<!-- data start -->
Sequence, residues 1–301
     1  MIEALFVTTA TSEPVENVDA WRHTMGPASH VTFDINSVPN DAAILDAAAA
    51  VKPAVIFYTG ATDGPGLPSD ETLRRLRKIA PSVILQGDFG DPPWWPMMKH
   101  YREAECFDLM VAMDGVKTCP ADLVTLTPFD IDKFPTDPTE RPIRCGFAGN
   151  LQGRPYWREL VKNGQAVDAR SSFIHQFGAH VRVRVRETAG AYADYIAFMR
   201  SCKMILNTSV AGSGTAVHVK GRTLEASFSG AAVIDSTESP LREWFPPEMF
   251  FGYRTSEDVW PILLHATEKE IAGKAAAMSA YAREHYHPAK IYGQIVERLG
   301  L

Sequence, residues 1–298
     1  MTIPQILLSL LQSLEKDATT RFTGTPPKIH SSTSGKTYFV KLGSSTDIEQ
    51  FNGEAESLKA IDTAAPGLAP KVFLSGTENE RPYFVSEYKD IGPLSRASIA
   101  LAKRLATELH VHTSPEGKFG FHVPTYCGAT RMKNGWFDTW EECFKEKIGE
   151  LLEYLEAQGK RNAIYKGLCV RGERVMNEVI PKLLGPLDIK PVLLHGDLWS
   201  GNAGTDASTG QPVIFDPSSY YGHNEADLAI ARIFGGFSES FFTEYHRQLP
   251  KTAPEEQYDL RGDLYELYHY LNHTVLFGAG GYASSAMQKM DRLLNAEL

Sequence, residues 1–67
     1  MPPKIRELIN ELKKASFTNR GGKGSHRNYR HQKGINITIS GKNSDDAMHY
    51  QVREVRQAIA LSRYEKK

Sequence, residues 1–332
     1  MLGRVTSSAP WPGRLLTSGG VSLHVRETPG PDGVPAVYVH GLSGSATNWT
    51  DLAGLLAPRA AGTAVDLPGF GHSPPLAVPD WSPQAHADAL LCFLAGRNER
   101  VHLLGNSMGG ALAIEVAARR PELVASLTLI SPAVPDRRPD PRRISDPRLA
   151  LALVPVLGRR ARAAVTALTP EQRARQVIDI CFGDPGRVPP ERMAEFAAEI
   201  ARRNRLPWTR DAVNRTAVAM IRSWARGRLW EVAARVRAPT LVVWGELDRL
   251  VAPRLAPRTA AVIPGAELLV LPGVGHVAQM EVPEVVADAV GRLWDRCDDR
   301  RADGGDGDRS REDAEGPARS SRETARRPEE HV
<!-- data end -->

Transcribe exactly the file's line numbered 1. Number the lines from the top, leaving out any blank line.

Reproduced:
Sequence, residues 1–301